Top 5 Things You Learn During a Blizzard
Whether you called it Jonas or #Snowzilla, this past weekend’s storm packed a punch! Amid it, we found out a few things that happen at Carpenter’s Shelter when there is 24 inches of snow on ground. Take a look at our Top 5:
5. Even squirrels take refuge at Carpenter’s
When we saw the weather forecast for this past weekend, we knew we would have a full house. Over the weekend, we had 61 adults, 21 children, 5 staff members and one squirrel take refuge at Carpenter’s. Yes, a squirrel! All Friday night, shelter residents could hear our new friend, given the name Scampy, running up and down the length of the building in the ceiling. On Saturday morning, Scampy decided to clean up a bit and was found in the shower on the Men’s Unit. Like any shelter resident, Scampy knew he could not stay and Carpenter’s forever, so he worked hard to find a more permanent place to live and made his official exit Saturday afternoon. This is one shelter guest that we do not expect to see remain connected to Carpenter’s through our Community Case Management program
4. Staff works around the clock
Carpenter’s Shelter is open 24 hours a day, 365 days a year which means a little weather or even a blizzard does not stop our operation. The worse it gets, the more our services are needed. With roads becoming impassable and the Metro shutting down, five dedicated Carpenter’s staff members packed their bags and weathered the snow with shelter residents from Friday afternoon to Sunday evening. During their combined 258 working hours, staff ensured that shelter residents’ needs were met and everyone stayed safe and warm. We are so grateful for an amazing staff team embodies one of our values, dedicated to serving with respect!
3. Shoveling snow becomes a way of life
The Carpenter’s Shelter snow removal equipment worked overtime this past weekend. Many of our residents were eager to lend a hand and help staff keep our sidewalks and courtyard paths clear to ensure our building could be accessed safely. Shoveling snow is a great example of how residents help out around the shelter. When there is not 24 inches of snow on the ground, residents often volunteer to help with various projects including yard maintenance, moving furniture in the building and even serving and cleaning up after a meal if we do not have a volunteer group to do so. Carpenter’s Shelter relies on ALL–donors, volunteers, staff and residents–to run smoothly!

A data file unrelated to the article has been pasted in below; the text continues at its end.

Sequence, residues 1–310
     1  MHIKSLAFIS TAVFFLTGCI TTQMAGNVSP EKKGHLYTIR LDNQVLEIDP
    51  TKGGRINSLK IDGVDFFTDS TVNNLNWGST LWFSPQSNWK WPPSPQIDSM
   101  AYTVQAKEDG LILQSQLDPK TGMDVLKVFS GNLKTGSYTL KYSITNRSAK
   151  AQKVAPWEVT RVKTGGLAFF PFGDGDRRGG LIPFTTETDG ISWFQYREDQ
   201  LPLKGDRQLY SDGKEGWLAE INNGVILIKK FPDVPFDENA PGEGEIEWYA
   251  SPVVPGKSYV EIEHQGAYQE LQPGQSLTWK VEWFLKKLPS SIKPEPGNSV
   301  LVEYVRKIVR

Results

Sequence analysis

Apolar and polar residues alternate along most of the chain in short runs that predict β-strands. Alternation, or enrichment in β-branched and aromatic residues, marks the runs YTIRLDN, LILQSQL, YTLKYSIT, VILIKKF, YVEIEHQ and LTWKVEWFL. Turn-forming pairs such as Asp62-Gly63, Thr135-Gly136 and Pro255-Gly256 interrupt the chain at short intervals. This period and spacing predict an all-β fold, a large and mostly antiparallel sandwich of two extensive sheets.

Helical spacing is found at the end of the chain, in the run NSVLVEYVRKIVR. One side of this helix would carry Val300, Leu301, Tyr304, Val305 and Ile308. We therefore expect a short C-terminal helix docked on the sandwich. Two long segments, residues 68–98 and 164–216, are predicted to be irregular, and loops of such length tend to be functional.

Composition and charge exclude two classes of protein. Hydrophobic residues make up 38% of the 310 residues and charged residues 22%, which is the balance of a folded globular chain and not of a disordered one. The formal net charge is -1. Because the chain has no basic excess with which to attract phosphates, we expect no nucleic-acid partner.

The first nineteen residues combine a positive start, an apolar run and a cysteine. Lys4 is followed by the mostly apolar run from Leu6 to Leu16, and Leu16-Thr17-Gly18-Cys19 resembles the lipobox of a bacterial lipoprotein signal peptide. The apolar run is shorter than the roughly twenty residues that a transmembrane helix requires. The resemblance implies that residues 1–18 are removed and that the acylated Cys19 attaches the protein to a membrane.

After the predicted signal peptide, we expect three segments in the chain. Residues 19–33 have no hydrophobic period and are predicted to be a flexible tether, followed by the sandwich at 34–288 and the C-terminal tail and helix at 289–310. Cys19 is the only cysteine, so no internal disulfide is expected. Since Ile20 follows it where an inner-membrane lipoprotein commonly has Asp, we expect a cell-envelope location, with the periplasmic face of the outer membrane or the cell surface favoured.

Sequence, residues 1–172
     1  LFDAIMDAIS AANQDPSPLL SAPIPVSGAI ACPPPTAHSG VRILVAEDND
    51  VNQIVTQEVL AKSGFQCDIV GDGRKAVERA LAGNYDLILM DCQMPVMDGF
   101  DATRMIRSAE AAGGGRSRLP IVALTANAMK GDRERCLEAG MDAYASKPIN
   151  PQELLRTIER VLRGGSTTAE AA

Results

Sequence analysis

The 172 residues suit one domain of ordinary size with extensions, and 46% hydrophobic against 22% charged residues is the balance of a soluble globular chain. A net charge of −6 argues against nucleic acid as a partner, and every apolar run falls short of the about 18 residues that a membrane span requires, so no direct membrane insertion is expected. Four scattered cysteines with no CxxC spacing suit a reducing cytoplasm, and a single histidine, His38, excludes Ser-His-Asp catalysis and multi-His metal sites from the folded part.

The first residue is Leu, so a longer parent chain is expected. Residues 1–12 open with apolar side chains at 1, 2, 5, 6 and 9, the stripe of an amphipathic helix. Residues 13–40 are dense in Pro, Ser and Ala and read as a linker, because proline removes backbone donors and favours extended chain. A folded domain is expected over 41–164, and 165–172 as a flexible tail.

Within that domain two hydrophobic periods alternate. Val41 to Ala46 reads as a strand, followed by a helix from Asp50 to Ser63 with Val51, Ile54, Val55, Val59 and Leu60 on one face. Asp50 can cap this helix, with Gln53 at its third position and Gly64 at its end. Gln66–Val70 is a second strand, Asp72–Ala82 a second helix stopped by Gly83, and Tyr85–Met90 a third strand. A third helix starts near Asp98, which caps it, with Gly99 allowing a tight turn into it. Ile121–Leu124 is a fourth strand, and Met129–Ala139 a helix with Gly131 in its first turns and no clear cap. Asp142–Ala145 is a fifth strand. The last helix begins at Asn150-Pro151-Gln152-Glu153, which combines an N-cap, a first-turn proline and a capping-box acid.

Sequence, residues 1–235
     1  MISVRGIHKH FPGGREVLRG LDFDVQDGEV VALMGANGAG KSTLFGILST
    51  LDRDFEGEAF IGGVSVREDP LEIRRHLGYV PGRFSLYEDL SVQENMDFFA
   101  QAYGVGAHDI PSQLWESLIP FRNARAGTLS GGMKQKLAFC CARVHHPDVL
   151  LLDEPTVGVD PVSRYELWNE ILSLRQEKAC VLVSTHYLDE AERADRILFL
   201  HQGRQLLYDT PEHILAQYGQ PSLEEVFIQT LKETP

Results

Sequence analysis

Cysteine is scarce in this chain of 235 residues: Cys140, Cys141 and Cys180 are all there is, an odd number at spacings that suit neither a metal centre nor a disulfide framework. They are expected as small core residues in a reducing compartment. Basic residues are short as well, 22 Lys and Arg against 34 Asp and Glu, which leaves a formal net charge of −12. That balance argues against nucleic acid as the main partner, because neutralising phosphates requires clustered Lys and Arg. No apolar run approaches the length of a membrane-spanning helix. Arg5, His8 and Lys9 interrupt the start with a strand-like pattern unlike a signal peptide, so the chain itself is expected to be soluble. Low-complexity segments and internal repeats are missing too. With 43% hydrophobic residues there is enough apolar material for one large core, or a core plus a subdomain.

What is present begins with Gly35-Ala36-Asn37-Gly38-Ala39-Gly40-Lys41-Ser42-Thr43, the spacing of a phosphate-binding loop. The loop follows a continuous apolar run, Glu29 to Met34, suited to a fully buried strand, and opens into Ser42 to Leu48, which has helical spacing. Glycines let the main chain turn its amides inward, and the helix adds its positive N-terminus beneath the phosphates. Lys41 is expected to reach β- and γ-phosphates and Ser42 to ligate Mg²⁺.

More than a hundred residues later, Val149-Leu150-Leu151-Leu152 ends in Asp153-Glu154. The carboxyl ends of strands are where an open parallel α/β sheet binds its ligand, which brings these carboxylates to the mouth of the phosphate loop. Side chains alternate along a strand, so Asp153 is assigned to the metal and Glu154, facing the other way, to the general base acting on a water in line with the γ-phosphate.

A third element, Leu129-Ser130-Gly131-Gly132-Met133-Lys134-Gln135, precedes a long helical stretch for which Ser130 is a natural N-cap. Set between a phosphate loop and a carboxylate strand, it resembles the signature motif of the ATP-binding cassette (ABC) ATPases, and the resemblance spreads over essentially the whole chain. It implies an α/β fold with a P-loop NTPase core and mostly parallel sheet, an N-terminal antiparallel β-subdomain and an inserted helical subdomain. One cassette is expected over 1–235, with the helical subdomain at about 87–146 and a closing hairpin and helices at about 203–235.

2. Hot meals are a must
Did you know that it takes five freshly made cakes to have enough dessert for 82 people? We do now! Between residents shoveling and the kids playing in the snow, hot meals and sweet treats were essential for surviving the blizzard. Carpenter’s Shelter relies on volunteers to not only serve 3 meals a day but to also prepare the meals. Even with two feet of snow, several volunteers made their way to Carpenter’s to make hot meals for all 82 men, women and children in the shelter. When the weather was at its worst and volunteers were unable to make it into the shelter, staff members put their culinary skills to the test and whipped up meals based on what had been donated to our panty, including lasagna and ham and potatoes. During the blizzard, a total of 583 meals were served.
1. It takes a village
Carpenter’s Shelter was founded on and has thrived for nearly 28 years because of community support. That did not change this past weekend. Community members spread the word that we were open with a No Turn Away policy for anyone seeking shelter. Volunteers ventured out into the storm to ensure our residents had meals to eat. Supporters called on Friday asking what they could do to help us prepare for the storm. Individuals and families dropped off items that our residents needed. Donors made contributions to help us cover the extra operation costs.
Because of you, Carpenter’s Shelter had the capacity to remain operational during a historic storm.
Because of you, our residents had gloves, hats and scarves to wear out in the snow.
Because of you, 61 adults and 21 children had a warm place to rest.
Thank you for your unwavering support. We couldn’t have made it through the storm without you!